Author(s): Roald Dahl
'They didn't think for one moment that they would find anything but a burnt-out fuselage and a charred skeleton; and they were apparently astounded whn they came upon my still-breathing body, lying in the sand near by' In 1938 Roald Dahl was fresh out of school and bound for his first job in Africa, hoping to find adventure far from home. However, he got far more excitement than he bargained for when the outbreak of the Second World War led him to join the RAF. His account of his experiences in Africa, crashing a plane in the Western Desert, rescue and recovery from his horrific injuries in Alexandria, and many other daring deeds, recreates a world as bizarre and unnerving as any he wrote about in his fiction.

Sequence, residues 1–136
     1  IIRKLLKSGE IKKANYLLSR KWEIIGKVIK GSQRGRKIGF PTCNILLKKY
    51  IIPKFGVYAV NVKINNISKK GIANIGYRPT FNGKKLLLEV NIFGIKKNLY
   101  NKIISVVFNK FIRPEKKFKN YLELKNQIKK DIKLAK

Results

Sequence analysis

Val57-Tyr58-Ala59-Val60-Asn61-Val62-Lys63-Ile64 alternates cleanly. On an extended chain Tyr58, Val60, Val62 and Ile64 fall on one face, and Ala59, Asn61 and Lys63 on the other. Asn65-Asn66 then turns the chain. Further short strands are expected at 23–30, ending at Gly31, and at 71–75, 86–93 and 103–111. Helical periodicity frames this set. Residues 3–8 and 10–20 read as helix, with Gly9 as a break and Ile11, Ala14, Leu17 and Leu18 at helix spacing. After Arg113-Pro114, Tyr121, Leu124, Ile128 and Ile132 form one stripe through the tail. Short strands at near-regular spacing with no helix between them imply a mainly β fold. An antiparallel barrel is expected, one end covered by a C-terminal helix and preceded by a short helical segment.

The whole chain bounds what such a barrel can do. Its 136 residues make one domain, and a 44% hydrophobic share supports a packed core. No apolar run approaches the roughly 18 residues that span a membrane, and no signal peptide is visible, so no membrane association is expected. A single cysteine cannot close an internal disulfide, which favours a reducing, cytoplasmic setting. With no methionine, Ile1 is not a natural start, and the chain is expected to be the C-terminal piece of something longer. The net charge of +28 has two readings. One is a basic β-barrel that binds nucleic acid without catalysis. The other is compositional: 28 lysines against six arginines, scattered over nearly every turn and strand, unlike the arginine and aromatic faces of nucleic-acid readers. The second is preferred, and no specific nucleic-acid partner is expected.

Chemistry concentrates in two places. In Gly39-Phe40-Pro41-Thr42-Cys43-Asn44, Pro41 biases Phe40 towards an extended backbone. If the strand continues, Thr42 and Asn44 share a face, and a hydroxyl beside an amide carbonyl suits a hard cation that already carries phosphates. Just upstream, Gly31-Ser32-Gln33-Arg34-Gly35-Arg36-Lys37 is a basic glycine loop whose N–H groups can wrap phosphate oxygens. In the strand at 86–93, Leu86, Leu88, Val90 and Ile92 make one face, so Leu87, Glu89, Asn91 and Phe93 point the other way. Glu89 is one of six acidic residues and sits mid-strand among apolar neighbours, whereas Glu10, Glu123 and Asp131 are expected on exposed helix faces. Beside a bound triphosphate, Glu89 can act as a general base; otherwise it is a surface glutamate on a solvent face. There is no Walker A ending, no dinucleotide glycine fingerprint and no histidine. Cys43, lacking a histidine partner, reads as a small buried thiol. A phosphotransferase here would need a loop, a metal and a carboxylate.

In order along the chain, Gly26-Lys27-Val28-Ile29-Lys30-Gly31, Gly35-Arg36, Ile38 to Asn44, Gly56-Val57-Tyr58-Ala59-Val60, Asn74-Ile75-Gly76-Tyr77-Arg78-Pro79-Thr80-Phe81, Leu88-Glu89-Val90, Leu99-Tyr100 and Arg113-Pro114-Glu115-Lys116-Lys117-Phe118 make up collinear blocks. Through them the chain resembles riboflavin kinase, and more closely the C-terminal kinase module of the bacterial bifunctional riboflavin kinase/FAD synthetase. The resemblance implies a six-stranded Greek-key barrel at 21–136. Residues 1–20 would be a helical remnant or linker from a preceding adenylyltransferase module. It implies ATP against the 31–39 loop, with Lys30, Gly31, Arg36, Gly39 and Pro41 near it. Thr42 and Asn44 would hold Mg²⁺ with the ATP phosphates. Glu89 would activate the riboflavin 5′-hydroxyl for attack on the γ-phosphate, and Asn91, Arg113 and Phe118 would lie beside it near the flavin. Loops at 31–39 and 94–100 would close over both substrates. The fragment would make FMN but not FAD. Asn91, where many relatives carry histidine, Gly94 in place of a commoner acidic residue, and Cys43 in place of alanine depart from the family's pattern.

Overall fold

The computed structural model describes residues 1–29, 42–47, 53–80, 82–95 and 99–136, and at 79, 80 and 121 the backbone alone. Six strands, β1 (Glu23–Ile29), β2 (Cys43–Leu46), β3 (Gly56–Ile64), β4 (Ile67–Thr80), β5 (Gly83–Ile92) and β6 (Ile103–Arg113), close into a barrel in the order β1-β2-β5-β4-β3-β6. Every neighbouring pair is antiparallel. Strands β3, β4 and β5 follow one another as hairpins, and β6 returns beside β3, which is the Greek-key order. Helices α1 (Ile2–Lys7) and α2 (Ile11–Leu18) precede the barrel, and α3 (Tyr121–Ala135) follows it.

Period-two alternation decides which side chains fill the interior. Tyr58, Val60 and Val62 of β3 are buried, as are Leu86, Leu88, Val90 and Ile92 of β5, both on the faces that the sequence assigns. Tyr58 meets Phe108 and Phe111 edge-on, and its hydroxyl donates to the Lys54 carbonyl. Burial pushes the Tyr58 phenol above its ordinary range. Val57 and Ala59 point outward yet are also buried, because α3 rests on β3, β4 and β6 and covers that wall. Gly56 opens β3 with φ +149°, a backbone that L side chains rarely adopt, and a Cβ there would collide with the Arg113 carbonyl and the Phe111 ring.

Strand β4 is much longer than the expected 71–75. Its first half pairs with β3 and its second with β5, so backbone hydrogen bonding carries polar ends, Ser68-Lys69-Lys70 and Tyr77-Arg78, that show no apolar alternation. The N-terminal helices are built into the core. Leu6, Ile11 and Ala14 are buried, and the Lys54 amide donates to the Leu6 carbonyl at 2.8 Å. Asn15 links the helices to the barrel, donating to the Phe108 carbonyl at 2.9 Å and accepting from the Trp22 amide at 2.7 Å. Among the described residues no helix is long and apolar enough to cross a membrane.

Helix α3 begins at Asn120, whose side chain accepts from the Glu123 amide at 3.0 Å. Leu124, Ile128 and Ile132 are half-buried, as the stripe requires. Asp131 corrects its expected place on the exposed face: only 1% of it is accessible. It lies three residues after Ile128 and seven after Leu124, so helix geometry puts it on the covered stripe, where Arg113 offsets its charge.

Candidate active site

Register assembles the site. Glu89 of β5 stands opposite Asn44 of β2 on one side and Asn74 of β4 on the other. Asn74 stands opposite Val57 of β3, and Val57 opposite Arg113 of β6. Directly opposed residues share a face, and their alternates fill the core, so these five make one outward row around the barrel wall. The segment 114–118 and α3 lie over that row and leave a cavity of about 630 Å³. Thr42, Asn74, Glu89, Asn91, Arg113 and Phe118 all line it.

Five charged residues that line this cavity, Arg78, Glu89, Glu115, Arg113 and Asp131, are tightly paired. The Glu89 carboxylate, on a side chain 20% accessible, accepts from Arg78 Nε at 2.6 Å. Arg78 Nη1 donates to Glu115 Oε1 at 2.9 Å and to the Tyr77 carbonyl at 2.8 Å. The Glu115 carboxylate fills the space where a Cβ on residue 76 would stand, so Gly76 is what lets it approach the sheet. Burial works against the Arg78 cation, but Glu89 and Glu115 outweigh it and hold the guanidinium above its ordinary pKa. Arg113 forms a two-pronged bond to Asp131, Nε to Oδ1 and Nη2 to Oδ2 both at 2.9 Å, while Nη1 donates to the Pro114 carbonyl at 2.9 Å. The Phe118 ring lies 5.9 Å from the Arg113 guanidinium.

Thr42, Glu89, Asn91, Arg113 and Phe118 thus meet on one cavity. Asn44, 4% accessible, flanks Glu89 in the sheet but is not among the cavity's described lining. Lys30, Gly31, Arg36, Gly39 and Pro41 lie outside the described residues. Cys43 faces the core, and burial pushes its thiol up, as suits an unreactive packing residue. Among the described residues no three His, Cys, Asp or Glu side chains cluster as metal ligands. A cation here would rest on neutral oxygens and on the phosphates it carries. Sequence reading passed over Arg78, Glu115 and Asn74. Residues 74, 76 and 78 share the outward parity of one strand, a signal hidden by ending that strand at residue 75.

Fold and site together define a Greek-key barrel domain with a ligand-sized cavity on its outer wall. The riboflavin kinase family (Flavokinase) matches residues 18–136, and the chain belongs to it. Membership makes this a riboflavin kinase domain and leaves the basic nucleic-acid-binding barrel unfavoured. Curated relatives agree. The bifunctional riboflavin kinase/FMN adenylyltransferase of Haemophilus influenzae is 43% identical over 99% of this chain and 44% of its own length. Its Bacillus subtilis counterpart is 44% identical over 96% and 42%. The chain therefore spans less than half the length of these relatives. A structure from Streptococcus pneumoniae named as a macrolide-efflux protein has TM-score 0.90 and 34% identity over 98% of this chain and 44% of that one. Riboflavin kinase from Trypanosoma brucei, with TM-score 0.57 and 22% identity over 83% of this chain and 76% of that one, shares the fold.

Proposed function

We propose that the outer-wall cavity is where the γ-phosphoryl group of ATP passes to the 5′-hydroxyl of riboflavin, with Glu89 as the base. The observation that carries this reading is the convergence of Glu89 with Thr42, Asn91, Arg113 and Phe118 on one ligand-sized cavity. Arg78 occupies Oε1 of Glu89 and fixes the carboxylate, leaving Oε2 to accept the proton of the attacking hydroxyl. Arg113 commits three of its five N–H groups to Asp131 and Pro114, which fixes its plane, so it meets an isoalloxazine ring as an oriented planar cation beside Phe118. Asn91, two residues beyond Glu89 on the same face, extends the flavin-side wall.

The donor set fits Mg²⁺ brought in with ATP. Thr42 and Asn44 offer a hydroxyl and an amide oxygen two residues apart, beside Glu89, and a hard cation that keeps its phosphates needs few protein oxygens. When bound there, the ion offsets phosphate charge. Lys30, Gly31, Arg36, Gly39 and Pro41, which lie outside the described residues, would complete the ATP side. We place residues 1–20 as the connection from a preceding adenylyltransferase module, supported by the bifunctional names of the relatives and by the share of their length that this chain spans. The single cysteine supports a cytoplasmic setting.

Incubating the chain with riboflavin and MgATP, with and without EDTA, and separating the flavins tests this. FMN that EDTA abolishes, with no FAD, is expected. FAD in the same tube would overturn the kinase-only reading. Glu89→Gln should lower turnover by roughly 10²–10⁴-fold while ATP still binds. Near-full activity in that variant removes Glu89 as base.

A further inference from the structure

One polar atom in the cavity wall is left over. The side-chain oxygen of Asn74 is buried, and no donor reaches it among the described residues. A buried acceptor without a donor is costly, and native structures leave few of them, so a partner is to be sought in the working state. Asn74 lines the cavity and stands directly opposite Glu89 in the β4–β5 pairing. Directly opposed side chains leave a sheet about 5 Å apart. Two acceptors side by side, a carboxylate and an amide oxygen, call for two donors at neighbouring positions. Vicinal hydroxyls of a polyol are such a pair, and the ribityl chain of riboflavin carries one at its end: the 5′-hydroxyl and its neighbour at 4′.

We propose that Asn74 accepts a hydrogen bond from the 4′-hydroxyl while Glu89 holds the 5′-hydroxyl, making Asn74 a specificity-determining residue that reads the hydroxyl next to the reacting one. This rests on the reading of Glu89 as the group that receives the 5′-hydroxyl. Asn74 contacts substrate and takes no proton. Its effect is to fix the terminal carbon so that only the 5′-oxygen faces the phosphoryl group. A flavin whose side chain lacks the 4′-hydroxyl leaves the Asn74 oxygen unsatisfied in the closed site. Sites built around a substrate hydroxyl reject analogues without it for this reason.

His account of life as a fighter pilot in the Western Desert and in Greece has the thrilling intensity and the occasional grotesqueness of his fiction - Sunday Times Very nearly as grotesque as his fiction. The same compulsive blend of wide-eyed innocence and fascination with danger and horror - Evening Standard A non-stop demonstration of expert raconteurship - The New York Times Book Review
Roald Dahl is best known for his mischievous, wildly inventive stories for children. But throughout his life he was also a prolific and acclaimed writer of stories for adults. These sinister, surprising tales continue to entertain, amuse and shock generations of readers even today.